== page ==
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John Abel being remembered as a “man with passion”

December 12, 2018   ·   0 Comments

By Brock Weir

John Abel is being remembered as “man with a passion.”
Tributes continue to pour in for Mr. Abel, who died at Southlake Regional Health Centre on Thursday afternoon at the age of 64 surrounded by his wife Tracy, family and close friends; his final act of giving being a double lung transplant for a patient in need, his family confirms.
Mr. Abel had been hospitalized since December 2, just over 24 hours after his eight years as Aurora’s Deputy Mayor came to an end.
“We are all devastated at the tragic news of former Deputy Mayor John Abel’s passing,” said Mayor Tom Mrakas in a statement issued Friday morning. “This is a very difficult time for everyone as we remember our time with John. John was loved by so many in our community.
“This community has lost a great man who has done so much for Aurora over the years. On behalf of Council and staff, we are all deeply saddened by John’s passing and our prayers are with his wife Tracy and the whole Abel family at this difficult time.”
Following his death, flags across Aurora were lowered as a mark of respect. A condolence book was made available for the community at Town Hall while Sunday night’s Rogers Hometown Hockey broadcast paid on-air tribute to his contributions.
Visitations will be held at Thompson Funeral Home (530 Industrial Parkway South) on Thursday, December 13 and Friday, December 14, each day from 2 – 4 p.m., and 6 – 8 p.m. A celebration of life will take place Monday from 2 – 6 p.m. at the Royal Canadian Legion (105 Industrial Parkway North).
Mr. Abel was first elected to Council in 2010. Coming in first amongst the top eight highest vote-getters in the Council race, he succeeded Bob McRoberts as Aurora’s Deputy Mayor.
He retained this post in the 2014 Council Election.
Following his bid for the Mayor’s Seat this fall, he said in his final interview with The Auroran that he looked back on the last eight years with a great deal of pride.
“I basically came in from volunteer coaching in the Little League and, by the end of it, I was involved in several aspects of the community, whether it is cultural, supporting organizations or supporting youth,” he said, noting how much he valued the opportunity to serve on the Boards of the Aurora Seniors’ Association, the Aurora Sports Hall of Fame, the Aurora Cultural Centre, and more.
He said he was particularly proud of the push he made at the Council table that helped lead to securing the land for what is now Mavrinac Park (formally Thomas Coates Park), advocacy for a new home for Dr. G.W. Williams Secondary School slated for Bayview Avenue at Borealis, the Town’s purchase of the historic Aurora Armoury at the northeast corner of Town Park, and advocating for a new Cultural Services Agreement between the Town and the Aurora Cultural Centre.
Mr. Abel helped tackle the Cultural Services agreement in his earliest days on Council and said it was the issue that helped him “cut his teeth” and find his mettle as a politician.
“It made me realise I could stand up to people who oppose me and stand there for what I believed,” he shared. “I was proud that I was able to do that with the Cultural Services Agreement, knowing now that the relationship is just fantastic. I am not saying it wasn’t, because it was very good before with Mayor Morris setting it up, but we wanted to have a little more oversight and being involved like the other organizations by bringing a budget forward and that sort of thing. I think that relationship was really improved.”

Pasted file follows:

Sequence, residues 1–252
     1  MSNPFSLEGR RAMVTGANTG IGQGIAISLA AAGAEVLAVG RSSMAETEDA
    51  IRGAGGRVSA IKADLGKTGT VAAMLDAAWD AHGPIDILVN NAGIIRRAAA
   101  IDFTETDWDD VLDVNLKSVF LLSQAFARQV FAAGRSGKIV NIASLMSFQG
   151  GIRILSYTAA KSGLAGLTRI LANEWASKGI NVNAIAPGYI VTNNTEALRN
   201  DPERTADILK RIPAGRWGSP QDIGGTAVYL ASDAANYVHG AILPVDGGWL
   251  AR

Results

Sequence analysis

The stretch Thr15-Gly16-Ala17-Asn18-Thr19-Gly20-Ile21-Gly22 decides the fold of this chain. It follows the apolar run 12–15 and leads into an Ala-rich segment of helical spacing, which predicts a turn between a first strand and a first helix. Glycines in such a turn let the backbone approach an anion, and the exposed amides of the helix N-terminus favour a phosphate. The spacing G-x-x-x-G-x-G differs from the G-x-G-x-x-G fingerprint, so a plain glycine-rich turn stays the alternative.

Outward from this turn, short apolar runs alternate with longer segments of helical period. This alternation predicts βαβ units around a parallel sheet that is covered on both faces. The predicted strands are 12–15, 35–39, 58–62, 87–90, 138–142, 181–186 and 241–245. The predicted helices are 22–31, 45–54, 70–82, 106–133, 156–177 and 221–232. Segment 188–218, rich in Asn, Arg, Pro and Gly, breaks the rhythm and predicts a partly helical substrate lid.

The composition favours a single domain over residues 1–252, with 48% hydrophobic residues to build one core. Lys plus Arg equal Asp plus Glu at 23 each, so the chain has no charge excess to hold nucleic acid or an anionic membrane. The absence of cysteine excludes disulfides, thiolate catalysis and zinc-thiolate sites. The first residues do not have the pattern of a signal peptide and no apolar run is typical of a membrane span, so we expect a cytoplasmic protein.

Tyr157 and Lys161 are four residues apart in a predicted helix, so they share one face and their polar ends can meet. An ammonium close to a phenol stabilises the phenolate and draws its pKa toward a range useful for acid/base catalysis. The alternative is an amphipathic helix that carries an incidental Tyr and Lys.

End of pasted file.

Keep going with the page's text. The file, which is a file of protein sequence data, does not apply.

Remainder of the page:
In looking back on the life and legacy of Mr. Abel, former mayor Geoff Dawe paid tribute to the tenacity his eight-year deputy had in standing up for what he believed, even if they didn’t always see eye to eye on the issue at hand.
“John was certainly very passionate about what he believed in and he was always very forceful about it. You never doubted his passion, for sure,” he said.
Mr. Dawe said they had “a lot of fun” together, particularly in their first term of Council when the then-Mayor, Deputy Mayor, and then-councillor Paul Pirri pooled their musical talents to form the tongue-in-cheek band they dubbed “The Council Critters.”
Indeed, music was another passion for Mr. Abel, evidenced in his work on many cultural initiatives, including the foundation of Music Aurora, which has spearheaded the popular Aurora Winter Blues Festival and numerous initiatives to support up-and-coming youth musicians.
“John’s tireless support, vision and involvement in the arts, culture and sports in the Town of Aurora have made our community a better place for all of us today and going forward,” said Music Aurora in a statement. “His true passion for music and live performances helped instill a dynamic music scene at the grassroots level in Aurora, whether it be on the streets, in the parks, or any one of the many indoor venues – John was always involved either performing on stage or behind the scenes making it happen for the enjoyment and benefit of his community.”
Mr. Dawe added he hoped people would remember Mr. Abel for his “commitment to his job and moving the Town forward.”
This is a commitment Mr. Abel was prepared to extend into the new Council meeting.
“I wish everyone here the best of luck,” he said in his final address, giving his best wishes to Council members who began the 2018-2022 term on Saturday. “I know it is going to be a challenge and you deserve nothing but our support going forward, and I know you have it. I wish everyone the best and I thank everyone for giving me this opportunity.”
John Abel is survived by his wife Tracy, their daughter Devon, her husband Ian, and their son Eric.

         

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